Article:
Key Changes to the IRDAI

The Insurance Regulatory and Development Authority of India (IRDAI), under the chairmanship of Mr Debashish Panda, has set out to make reforms to the insurance sector to promote the growth of the industry. These reforms, inter alia, aim to reduce the compliance and regulatory burden on insurers, provide more flexibility and an effective regulatory framework.

One such change is the notification of the IRDAI (Other Forms of Capital) Regulations, 2022 (new Regulations) on 5-12-2022, which supersedes the IRDAI (Other Forms of Capital) Regulations, 2015 (erstwhile Regulations).

Set out below is a list of key changes made under the new Regulations:

  1. ApplicabilityIt has been clarified that the Regulations are applicable to all the insurers other than the foreign reinsurers’ branches.
  2. Requirement of prior approval

    (i) Insurers are now permitted to issue other forms of capital without obtaining prior approval from the IRDAI.

    (ii) Prior approval will only be required for payment of dividend/payment of interest if: (i) the solvency is below the minimum requirement; (ii) the impact of such accrual or payment would result in the solvency level falling below the minimum requirement; or (iii) the impact of such accrual or payment of interest would result in net loss or an increase in the net loss.

    This is a very positive step which will allow insurers to quickly raise capital while also ensuring that they are not overleveraged and continue to maintain a healthy solvency ratio.

  3. Conditions for issue of “other forms of capital”

    (i) For ease of readability and understanding, the conditions for issuance of other forms of capital, which were earlier spread across the erstwhile Regulations, have been clubbed under one head.

    (ii) A key change is the requirement that preference shares are required to be non-convertible in our opinion, this is likely to reduce the interest of foreign investors in investing through preference shares due to the compliance requirements under the exchange control regulations.

    (iii) Separately, the list of the subscribers eligible to invest in other forms of capital does not include “foreign promoters”, however, one will have to gauge the intention of the IRDAI and positively interpret “foreign investors” to include reference to “foreign promoters” as well.

    (iv) Conditions such as the instruments being fully paid up and unsecured, no incentives for early redemption, fixed rate or a floating rate of interest, maintenance of minimum solvency requirements and interest to be charged to the profit and loss account, remain the same as the erstwhile Regulations.

  4. Limit for “other forms of capital”

    (i) While the limit for the total quantum for raising “other forms of capital” has been increased from 25% to 50% (of the total paid-up equity share capital and securities premium account), the requirement to maintain a net worth of 50% has been retained.

    (ii) This will help insurers raise greater amounts of “other forms of capital” without any regulatory intervention.

  5. Callback of instruments

    (i) Under the new Regulations, a “call option” on the instruments can now be exercised without prior approval from the IRDAI. Prior approval is to be sought only if after exercising such call option, the solvency position of insurer is not, at least 20% above the solvency requirement.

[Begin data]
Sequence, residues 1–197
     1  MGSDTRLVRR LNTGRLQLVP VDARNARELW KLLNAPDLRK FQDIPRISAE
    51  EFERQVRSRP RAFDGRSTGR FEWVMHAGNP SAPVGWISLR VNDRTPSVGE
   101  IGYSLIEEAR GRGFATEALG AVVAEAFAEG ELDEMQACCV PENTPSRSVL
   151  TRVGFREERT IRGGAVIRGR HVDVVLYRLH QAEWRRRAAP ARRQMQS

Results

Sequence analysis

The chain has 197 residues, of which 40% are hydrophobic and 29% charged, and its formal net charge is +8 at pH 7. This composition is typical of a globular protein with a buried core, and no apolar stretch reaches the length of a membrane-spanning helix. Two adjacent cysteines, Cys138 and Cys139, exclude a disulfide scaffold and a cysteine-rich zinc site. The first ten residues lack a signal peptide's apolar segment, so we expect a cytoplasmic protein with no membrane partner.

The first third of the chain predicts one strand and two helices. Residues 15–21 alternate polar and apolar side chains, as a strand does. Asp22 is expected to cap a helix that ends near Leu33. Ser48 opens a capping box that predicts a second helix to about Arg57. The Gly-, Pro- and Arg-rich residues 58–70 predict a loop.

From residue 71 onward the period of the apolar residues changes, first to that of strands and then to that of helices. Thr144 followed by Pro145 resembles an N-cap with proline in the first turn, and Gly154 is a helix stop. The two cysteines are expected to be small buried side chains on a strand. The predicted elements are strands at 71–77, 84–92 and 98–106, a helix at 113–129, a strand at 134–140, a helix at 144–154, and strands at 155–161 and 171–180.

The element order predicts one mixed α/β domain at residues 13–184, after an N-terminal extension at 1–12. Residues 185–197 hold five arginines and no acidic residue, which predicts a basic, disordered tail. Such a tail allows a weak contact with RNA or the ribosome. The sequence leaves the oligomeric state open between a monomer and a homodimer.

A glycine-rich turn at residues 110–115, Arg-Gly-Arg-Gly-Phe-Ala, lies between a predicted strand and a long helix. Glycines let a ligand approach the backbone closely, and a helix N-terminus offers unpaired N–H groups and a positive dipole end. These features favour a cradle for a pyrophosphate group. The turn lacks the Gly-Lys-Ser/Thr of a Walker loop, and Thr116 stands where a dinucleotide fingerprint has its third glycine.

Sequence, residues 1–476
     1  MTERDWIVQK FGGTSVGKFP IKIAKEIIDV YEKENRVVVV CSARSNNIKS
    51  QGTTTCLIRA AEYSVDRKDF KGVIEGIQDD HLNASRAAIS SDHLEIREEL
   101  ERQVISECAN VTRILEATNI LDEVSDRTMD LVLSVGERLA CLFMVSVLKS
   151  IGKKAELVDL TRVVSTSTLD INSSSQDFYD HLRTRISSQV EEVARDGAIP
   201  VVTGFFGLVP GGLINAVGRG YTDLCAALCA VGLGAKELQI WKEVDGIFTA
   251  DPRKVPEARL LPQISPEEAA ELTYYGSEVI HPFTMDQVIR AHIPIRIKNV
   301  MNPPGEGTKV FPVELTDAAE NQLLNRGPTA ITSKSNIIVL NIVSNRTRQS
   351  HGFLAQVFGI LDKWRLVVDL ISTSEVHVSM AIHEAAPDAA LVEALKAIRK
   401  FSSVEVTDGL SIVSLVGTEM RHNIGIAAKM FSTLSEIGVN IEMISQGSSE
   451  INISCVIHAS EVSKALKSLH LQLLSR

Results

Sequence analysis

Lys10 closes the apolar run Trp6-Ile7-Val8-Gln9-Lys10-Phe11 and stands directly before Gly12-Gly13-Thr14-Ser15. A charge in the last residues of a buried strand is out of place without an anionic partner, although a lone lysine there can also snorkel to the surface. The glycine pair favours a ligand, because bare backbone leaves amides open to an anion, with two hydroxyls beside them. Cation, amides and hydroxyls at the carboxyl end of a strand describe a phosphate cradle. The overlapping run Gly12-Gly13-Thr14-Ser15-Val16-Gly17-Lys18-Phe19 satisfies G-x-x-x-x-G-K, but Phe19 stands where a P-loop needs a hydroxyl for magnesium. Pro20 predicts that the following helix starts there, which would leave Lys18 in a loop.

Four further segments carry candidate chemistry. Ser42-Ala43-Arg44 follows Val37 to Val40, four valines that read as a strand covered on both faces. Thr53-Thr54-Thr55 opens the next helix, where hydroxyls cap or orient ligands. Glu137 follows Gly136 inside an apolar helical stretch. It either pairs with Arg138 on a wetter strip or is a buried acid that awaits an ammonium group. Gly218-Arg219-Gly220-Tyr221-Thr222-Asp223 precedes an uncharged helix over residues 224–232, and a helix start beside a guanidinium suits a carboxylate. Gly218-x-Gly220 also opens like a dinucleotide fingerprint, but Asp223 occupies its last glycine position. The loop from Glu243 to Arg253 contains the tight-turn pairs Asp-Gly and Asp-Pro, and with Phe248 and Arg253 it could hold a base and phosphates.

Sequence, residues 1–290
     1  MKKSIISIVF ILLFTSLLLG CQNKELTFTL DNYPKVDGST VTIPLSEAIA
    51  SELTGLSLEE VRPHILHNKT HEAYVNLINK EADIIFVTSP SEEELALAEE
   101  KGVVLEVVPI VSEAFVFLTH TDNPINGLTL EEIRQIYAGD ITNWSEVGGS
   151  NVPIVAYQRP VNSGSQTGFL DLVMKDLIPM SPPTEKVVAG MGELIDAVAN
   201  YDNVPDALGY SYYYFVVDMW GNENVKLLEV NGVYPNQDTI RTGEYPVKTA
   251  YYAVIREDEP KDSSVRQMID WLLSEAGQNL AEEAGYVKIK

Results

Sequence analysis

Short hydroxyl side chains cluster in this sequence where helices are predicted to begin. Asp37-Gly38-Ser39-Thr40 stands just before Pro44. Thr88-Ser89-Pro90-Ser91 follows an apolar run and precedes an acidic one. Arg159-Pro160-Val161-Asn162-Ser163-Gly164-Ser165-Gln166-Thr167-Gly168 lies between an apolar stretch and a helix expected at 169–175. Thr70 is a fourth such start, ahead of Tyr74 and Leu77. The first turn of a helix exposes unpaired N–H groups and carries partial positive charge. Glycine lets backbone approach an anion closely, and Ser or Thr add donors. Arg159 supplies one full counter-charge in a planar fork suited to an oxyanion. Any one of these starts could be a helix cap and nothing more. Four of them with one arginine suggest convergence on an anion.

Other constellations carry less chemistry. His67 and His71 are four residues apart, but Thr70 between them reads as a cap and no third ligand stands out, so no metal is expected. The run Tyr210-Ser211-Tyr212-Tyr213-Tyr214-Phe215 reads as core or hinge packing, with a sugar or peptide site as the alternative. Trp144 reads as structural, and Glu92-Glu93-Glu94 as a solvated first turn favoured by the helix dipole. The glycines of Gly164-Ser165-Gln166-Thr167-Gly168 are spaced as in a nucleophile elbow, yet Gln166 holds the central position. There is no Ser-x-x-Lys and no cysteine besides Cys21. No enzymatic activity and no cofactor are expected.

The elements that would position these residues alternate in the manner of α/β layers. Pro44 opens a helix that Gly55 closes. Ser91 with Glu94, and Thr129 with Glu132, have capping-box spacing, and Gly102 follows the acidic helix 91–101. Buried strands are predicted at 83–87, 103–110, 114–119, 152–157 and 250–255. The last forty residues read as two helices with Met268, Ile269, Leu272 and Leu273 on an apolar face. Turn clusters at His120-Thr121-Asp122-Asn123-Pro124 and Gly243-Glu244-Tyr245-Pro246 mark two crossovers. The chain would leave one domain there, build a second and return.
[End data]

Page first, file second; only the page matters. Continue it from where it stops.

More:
(ii) The insurer needs to notify the IRDAI within 15 days of exercise of a call option.

    (iii) Separately, it has been clarified that non-payment of interest and non-repayment of the redemption amount of the subordinated debt, cannot be construed to be an event of default.

  6. Investment by insurer in “other forms of capital” of another insurer

    (i) It is pertinent to note that as per the new Regulations, an insurer investing in “other forms of capital” of another insurer will not qualify such investment as an “admissible asset” for determining its solvency level — this seems to be a downside and may discourage participation by insurers in subscribing to preference shares and subordinated debt in other insurers.

    (ii) However, it has been clarified that existing investments in “other forms of capital” will continue to be admitted towards the calculation of available solvency till such investments are transferred/redeemed.

    (iii) Separately, an insurer will not be permitted to invest in the instruments issued by another insurer, if the two insurers have a common promoter — this will ensure that the promoter invests directly in the insurer rather than investing through its other investee Insurance Company.

  7. Sunset clauseIn line with IRDAI’s recent practices, the new Regulations also have a sunset clause of 3 years. Inclusion of such a clause alludes to the IRDAI’s intention to revisit these Regulations based on the market experience.

The new Regulations are a progressive step and a welcome attempt. While the erstwhile Regulations provisioned for raising other forms of capital by issuance of compulsorily convertible preference shares and subordinated debts, the approval process was cumbersome and only few insurers were able to secure approval for raising capital by issuance of subordinated debt. Further, no approval was granted permitting insurers to raise capital by issuance of compulsorily convertible preference shares. With the added flexibility of being able to raise other forms of capital (in terms of relaxation of approval requirement and increasing the limit for issuance of “other forms of capital”), we anticipate this route to become more popular, will allow for more participation from various segments of investors and will give a boost to investment in the sector.

† Partner, Khaitan & Co.

†† Principal Associate, Khaitan & Co.

††† Associate, Khaitan & Co.

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